Irony, Postmodernism, and Our Current Age
The Essayification of Everything The Stone is a forum for contemporary philosophers and other thinkers on issues both timely and timeless. Lately, you may have noticed the spate of articles and books that take interest in the essay as a flexible and very human literary form. These include “The Wayward Essay” and Phillip Lopate’s reflections on the relationship between essay and doubt, and books such as “How to Live,” Sarah Bakewell’s elegant portrait of Montaigne, the 16 th -century patriarch of the genre, and an edited volume by Carl H. Klaus and Ned Stuckey-French called “Essayists on the Essay: Montaigne to Our Time.”
Loreen of Sweden, winner of this year's Eurovision. Photograph: Sergei Ilnitsky/EPA I have had enough of irony | Suzanne Moore | Comment is free
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A Timothy Leary for the Viral Video Age - Ross Andersen - Technology Meet Jason Silva, the fast-talking, media-savvy "performance philosopher" who wants you to love the ecstatic future of your mind.
The Joke’s on You | Steve Almond | The Baffler Steve Almond
Jack Whelan: Can Humanism Prevail Over the Technocracy? - Living in Dialogue Guest post by Jack Whelan. [W]hat is at issue here is evaluating the danger of what might happen to our humanity in the present half-century, and distinguishing between what we want to keep and what we are ready to lose, between what we can welcome as legitimate human development and what we should reject with our last ounce of strength as dehumanization. I cannot think that choices of this kind are unimportant. --Jacques Ellul
Laughter Without Humor: On the Laugh-Loop GIF - Fran McDonald When is Natalie Portman's laughter not Natalie Portman's laughter? An Object Lesson. At the 68 th Golden Globe Awards, a visibly pregnant Natalie Portman ascended the stage to collect the Best Actress award for her work in the psychological drama Black Swan. Her earnest three minute speech is standard Hollywood fare; she thanks her grandparents, her parents, her manager, her co-stars, and her director. She touches her stomach and thanks her fiancé, the choreographer and actor Benjamin Millepied. She tells a bad joke about how Millepied, who has a small role in Black Swan as a man sexually disinterested in Portman's character, must be a brilliant actor because of course he really did want to sleep with her, as evidenced by her swelling belly.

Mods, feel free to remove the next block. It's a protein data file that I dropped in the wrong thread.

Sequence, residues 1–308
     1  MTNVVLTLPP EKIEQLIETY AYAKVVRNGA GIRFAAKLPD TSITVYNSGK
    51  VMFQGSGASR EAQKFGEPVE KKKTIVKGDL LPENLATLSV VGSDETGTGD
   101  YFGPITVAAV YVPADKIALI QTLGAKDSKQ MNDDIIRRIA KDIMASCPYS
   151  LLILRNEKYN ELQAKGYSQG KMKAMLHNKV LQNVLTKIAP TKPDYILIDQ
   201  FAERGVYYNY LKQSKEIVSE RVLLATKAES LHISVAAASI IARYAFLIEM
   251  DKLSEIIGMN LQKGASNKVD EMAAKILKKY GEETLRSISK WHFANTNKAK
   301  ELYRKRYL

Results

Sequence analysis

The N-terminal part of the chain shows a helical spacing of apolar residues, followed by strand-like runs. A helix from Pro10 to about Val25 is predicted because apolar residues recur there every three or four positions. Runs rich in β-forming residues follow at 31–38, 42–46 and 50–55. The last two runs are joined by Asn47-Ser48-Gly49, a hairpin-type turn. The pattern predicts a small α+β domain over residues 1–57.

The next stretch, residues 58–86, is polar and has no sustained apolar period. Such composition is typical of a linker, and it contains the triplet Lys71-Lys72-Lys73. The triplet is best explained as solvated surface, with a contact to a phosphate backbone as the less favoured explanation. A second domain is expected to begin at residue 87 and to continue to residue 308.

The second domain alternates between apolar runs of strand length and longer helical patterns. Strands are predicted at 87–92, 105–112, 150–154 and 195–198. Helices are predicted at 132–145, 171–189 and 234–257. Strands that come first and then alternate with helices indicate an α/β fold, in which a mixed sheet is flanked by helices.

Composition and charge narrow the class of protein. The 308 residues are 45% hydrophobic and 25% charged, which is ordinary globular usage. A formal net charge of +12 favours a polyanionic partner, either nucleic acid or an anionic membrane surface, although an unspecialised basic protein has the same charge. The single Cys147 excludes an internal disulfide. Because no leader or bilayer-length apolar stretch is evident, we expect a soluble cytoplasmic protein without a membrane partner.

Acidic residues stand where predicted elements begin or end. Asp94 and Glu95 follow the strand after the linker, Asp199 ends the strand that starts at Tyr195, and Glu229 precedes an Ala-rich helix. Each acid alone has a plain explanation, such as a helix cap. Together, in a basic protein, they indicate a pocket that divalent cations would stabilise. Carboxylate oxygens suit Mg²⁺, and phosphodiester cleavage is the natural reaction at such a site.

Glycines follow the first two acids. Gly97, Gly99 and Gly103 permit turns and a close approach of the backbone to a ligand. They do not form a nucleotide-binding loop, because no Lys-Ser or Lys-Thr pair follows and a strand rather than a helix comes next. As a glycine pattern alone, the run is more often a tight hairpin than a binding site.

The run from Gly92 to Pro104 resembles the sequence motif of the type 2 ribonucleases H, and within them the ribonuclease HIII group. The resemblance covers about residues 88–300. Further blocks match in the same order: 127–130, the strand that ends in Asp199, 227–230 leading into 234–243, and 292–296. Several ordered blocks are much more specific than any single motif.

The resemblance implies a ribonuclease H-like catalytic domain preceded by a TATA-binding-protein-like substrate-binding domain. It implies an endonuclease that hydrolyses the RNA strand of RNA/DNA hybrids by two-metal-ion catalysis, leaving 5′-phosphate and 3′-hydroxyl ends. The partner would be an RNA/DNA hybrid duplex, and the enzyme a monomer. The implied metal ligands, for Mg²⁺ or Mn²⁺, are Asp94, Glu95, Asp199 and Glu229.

What is it we're longing for? Psychological study
<img class="alignright size-full wp-image-52924" title="Center Aisle" src="http://www.wired.com/images_blogs/wiredscience/2011/03/4742272484_c6bf80592b1.jpg" alt="" width="450" height="338" /> Why Are Easy Decisions So Hard? | Wired Science
Our Age of Anxiety By Elaine Showalter Jonathan Barkat for The Chronicle Review I n his controversial book American Nervousness: Its Causes and Consequences (1881), the neurologist George M. Beard proclaimed that Americans in the 19th century led all civilized nations in their susceptibility to nervous, anxious, and depressive disorders.